Incomplete and a little uncool, but an essential read
Tegan Bennett Daylight A Little History of Literature By John Sutherland Yale University Press, 288pp, $34.95 EVERY so often, I stand in the study I share with my husband and imagine my literature and world-events timelines. I want them painted on the wall: two lines, one for literature and one for history, so I can see the greatest moments in literature and consider them alongside concurrent great moments in science, industry, medicine or the theatre of war.
So far, I have been either too busy or just too lazy to get my timelines on to the wall. I’m glad to say that half the job has now been achieved for me by venerable English critic and author John Sutherland in his new book, A Little History of Literature.
This is a wonderful book, distilled and arranged with great care. Sutherland has laid out for us a simple chronology of literature, beginning with chapters on myth and the epic and finishing with discussions about magic realism, post-modernism, literary prizes and bestsellers.
He charts the growth of the novel, and devotes whole chapters to significant writers such as Jane Austen, Charles Dickens and Virginia Woolf, explaining terms and themes calmly and without condescension.
A Little History of Literature is deliberately straightforward in its language, pitched as it is to younger readers as well as the more experienced of us who have a thirst for classification.
But this is more than just classification — this is connection, guided as it is by chronology but nonetheless creative and simultaneously settling and uplifting. Sutherland shows us how literature goes on speaking to itself across the years, how Chaucer makes his way into Shake- speare, how Defoe and Swift made Austen possible. Years of learning have gone into making this book seem almost effortless.
This is not to say the book is without fault. In his 2007 memoir, The Boy Who Loved Books, Sutherland said he liked to think of himself as a “literary sociologist” — “It helped mask the fact that I wasn’t much of a critic.” This reminded me of something said by Leslie Stephen, author, critic and the father of Virginia Woolf. In a moment of frankness he told his more talented daughter that he had, at best, “a good secondclass mind”.
It seems immensely presumptuous of me to suggest that Sutherland might have the same kind of mind; he is after all a scholar of enormous achievement, a prolific writer and thinker. But he rarely says anything in a way that surprises, or coins an image, as Woolf did in her criticism, which continues to shine in the mind, forever illuminates its subject. I’m afraid I can’t use the book’s intended audience as an excuse for this — younger or newer readers respond just as well to originality as the older ones do.
And let us acknowledge that books such as A Little History of Literature will always attract the criticism of completists. I for one would have liked to see a chapter properly devoted to Russian literature, instead of finding writers such as Chekhov and Solzhenitsyn subsumed into a discussion about censorship, and Tolstoy mentioned only in passing. There is no chapter, either, on Chinese literature — nor on Canadian, Australian or Indian literature. This is the English canon with a few side trips into empire, and even fewer beyond.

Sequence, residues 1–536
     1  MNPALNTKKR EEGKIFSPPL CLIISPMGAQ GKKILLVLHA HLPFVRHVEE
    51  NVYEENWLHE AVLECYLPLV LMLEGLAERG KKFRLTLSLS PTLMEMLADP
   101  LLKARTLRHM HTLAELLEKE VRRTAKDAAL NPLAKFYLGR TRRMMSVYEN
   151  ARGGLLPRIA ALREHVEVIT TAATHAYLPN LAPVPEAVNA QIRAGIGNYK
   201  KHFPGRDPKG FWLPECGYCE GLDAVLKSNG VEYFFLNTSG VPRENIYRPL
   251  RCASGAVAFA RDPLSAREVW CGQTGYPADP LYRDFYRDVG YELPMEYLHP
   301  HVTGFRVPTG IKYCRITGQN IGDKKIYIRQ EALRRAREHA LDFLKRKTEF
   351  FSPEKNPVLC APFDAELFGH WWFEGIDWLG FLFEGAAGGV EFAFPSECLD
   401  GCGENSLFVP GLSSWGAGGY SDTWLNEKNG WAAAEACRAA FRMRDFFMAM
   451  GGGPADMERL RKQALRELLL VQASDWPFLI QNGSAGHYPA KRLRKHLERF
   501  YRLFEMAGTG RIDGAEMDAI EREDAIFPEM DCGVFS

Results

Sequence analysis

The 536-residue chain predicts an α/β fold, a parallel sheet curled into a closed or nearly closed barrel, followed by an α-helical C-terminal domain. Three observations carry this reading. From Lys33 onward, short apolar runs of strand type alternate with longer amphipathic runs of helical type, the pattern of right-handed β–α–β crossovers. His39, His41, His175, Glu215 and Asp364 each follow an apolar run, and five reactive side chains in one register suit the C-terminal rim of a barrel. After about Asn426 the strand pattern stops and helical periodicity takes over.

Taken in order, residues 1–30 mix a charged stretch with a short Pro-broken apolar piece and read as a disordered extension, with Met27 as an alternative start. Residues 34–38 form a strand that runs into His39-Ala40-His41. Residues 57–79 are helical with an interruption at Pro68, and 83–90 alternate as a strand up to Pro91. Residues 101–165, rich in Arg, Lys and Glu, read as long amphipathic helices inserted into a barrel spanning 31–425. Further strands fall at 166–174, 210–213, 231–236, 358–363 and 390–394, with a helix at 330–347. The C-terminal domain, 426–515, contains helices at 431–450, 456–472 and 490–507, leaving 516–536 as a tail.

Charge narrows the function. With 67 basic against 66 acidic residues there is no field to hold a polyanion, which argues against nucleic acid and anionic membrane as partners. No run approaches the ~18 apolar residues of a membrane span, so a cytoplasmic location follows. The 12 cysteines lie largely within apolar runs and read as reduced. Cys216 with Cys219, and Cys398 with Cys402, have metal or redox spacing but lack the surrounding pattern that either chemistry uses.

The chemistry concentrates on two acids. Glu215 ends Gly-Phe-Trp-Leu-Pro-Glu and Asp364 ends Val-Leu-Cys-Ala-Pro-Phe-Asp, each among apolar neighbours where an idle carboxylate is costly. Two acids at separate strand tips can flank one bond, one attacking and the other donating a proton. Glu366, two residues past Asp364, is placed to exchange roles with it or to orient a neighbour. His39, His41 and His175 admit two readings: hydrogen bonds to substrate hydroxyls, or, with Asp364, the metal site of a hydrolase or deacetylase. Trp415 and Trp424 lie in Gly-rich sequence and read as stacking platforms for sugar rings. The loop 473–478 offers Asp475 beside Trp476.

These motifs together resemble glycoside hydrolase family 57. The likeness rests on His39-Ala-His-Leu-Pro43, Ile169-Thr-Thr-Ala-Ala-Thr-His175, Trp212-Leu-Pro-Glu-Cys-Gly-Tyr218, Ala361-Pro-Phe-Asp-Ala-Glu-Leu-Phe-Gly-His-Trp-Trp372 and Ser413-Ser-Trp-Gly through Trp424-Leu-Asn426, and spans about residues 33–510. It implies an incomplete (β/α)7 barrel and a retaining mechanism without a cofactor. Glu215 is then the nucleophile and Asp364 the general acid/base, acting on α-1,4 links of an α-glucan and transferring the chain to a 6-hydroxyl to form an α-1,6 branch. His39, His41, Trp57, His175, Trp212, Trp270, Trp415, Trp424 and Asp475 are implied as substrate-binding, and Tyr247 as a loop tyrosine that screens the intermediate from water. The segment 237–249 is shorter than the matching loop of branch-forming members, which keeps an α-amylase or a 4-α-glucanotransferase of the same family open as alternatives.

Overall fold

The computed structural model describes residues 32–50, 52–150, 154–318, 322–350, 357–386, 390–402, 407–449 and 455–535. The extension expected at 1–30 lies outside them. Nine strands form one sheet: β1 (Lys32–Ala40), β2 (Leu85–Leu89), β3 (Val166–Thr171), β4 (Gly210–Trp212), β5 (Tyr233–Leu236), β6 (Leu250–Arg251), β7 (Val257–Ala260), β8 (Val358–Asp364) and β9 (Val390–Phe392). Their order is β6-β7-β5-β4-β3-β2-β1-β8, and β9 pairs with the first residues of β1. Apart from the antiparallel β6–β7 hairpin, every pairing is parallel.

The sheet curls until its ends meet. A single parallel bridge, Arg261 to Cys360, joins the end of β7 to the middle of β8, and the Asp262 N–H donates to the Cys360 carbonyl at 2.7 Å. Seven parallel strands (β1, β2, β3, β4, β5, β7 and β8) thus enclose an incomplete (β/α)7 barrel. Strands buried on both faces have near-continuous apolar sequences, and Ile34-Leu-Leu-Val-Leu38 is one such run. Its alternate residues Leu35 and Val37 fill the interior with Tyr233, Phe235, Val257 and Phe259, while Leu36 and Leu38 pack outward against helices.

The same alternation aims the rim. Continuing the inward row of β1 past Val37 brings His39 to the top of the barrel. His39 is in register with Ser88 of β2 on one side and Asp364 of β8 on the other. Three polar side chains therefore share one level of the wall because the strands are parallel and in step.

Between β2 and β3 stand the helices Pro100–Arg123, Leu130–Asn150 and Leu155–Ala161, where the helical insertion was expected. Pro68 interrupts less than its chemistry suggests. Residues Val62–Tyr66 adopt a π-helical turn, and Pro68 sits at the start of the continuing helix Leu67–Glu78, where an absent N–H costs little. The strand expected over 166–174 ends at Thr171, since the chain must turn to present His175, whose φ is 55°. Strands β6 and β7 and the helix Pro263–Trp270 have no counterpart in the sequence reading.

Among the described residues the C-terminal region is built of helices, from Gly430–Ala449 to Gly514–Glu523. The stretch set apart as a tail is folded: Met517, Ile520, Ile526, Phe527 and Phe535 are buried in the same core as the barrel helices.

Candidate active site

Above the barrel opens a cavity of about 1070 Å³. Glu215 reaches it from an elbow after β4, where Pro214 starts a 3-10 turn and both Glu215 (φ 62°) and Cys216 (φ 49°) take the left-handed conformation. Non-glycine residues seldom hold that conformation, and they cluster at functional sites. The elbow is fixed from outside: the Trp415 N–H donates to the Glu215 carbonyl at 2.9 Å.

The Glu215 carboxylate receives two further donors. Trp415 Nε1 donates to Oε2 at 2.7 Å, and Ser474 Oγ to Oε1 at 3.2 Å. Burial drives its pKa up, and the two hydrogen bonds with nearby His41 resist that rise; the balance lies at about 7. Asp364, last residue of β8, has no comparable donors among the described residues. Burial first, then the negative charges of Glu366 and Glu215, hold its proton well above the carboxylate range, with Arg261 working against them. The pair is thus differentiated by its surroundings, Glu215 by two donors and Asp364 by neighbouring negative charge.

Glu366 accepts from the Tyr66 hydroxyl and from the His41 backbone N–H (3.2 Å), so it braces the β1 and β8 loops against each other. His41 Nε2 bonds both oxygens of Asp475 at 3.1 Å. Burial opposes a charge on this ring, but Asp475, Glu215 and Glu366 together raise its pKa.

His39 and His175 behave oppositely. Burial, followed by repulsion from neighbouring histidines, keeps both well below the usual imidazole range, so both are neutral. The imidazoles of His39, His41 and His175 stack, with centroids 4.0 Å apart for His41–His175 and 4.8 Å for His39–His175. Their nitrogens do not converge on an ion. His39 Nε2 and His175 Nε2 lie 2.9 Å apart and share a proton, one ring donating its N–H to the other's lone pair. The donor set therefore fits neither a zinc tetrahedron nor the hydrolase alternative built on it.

Sometimes, Sutherland’s efforts to promote his favourite authors — Dickens, above all — show signs of strain. Where a person of his learning should sound relaxed and confidently open to challenge, he occasionally sounds hectoring and conservative. And every so often his
efforts to reach out to his younger audience result in usages that simply don’t suit him, as when he suggests we might not want to “hang out” with the witches and lions of Narnia (because they’re not “safe”). It’s a little like high school, when a venerable teacher, cool in their utter uncoolness, makes the mad decision to try speaking your language. But these criticisms do not alter the fact that
A Little History of Literature is an essential book, one to keep beside you as you read, to help you choose what to read next and how to read it. Sutherland takes the long and the short view, giving us the history of literature and then moving in to examine a book, or a sentence from a book, to shed light on the whole.
He does this with great skill, exemplified in his reading of the first sentence in Emma, where he notes Austen’s subtle use of irony, and how this irony tempers our reading of the whole book. He cherry-picks some of the very best lines from the greatest books, giving us an instant feeling of familiarity with them and, what’s more, the instant urge to read them.
How lovely to be reminded of Baudelaire’s lines — treasured by decadent 20-year-olds at universities everywhere — “Get drunk! So as not to be the martyred slaves of Time, get drunk; get drunk without stopping! On wine, on poetry, on virtue, as you wish.”
A Little History of Literature is for the most part temperate, concise, clear and calm, and I will be using it to teach this year, as sober as my students could want me to be. But it is also an invitation to us to get drunk on books; an invitation I’m always ready to take up. There’s a great deal of reading to be done, and I’m very happy to have John Sutherland as my designated driver.
Tegan Bennett Daylight is a fiction writer,
teacher and critic.
Charles Dickens reading from his work, Illustrated London News (1858)